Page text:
They try to get you at one point, and you are a stone wall. Are you impossible to scare at this point in life?

Wes Craven: No. I don't think that's true. I think there is something out there that still scares me. You get used to a lot of things, when you are on a film set. There are so many things that you have rehearsed or participated in, in the imaginary world. That makes it harder for you to be scared in the real world. There was an interesting thing that happened this summer. I had to ride a Vespa, and I had a crash on it. The kickstand went right into my leg, and it tore the muscle. The muscle was just hanging there. The ambulance showed up, and I looked at that meat hanging there for the first time. The thought I had was, "We have been doing really good make-up all of these years." Because it looks exactly like that. (Laughs) My feeling about fear is that you get a better handle on it. More so than you would if you never thought about these things. Especially being in a situation that is new to you.

Were you able to get back on the Vespa after that accident occurred?

Wes Craven: Yeah. It took me a while to get back up on the thing. It was a pretty serious injury, so for a long time, I was semi-disabled. I was limping around. And I didn't want to be on the Vespa, thinking, "I can't put my foot back down." But it happened to me solo. I was on a dirt road, out in a place where we were on vacation. Then, the combination of gravel and soft sand kind of threw me. I was hanging onto the throttle with my right hand, so the bike kept going. It interlocked, and then it flipped me. It happened in a split second. But, after awhile, there was this feeling. I had to get back on the horse. I have had a couple of things like that in my life, and this accident was just one more thing. That is an interesting thing to think about. You have to consider the body. "You are not going to put me in this situation again, are you?" (Laughs)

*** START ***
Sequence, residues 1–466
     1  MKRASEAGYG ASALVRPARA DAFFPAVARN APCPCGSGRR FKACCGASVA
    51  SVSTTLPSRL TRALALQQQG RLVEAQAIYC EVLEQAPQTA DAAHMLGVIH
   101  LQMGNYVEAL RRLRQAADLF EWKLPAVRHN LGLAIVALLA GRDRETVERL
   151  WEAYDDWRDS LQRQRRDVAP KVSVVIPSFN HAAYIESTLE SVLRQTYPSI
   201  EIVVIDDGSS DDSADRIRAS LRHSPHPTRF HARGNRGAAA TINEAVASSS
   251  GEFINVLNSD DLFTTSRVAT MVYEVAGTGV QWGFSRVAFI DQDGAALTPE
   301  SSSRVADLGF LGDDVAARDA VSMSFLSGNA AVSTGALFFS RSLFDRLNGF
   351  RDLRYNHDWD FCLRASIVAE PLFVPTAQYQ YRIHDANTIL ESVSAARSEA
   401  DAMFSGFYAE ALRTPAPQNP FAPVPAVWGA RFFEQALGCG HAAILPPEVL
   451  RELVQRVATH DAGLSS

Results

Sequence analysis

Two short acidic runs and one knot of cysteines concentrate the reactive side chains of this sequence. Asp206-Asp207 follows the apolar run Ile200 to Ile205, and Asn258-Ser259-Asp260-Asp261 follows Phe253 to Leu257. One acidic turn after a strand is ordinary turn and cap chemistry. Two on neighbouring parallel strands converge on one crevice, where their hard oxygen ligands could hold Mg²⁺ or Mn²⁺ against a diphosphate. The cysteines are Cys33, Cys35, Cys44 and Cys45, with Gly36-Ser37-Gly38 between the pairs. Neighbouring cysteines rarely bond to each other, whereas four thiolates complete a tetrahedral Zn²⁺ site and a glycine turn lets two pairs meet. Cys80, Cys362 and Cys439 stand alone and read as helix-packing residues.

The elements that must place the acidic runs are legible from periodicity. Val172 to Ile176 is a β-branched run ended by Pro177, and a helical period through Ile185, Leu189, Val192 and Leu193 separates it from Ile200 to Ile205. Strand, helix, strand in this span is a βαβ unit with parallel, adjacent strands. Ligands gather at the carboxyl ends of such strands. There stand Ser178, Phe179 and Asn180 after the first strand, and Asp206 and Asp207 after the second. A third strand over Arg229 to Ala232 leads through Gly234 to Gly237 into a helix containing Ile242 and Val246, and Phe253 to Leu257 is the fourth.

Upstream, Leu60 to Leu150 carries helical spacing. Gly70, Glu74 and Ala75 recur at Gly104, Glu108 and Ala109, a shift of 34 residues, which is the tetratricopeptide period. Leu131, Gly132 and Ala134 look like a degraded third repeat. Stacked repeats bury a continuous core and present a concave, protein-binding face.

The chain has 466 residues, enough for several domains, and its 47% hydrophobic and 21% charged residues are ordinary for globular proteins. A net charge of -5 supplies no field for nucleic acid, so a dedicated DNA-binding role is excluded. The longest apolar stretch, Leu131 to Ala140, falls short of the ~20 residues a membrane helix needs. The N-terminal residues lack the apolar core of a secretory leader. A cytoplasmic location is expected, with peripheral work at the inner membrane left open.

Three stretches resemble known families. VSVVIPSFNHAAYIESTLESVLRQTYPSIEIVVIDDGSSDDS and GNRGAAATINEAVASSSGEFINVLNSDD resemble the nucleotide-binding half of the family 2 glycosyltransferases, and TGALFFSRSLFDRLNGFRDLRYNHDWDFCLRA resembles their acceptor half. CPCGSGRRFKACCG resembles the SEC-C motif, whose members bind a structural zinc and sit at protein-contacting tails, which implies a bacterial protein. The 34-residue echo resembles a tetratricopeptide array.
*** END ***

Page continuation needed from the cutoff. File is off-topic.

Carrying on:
That whole idea plays directly into Scream 4, and what we see Sydney going through. She has to return to this town, where all of these horrible things happened to her. I assume that you recognize that psychology within this character.

Wes Craven: Yeah. The whole idea of having Sydney come back to her hometown, where all of this stuff has happened? We talked a lot about that, Neve Campbell and I. How much terrible fear there would be to stomach, coming back and getting on that horse. Coming back to her hometown where all of these horrible things happened, and where all of these revelations came out.

When Scream 4 was in production, you all said that this was setting up a new trilogy. The ending doesn't point to any clear continuation of this story. Can you tell us how this particular sequel was set up to play directing into Scream 5?

Wes Craven: No. I'd have to kill you if I told you. It's better to have an ending where you can't tell where it's going next. Then to have an ending where you go, "Oh, that is the hook for the sequel. That is the hook for the next one." We felt it was better to let the audience speculate than to have all these clues placed in their lap.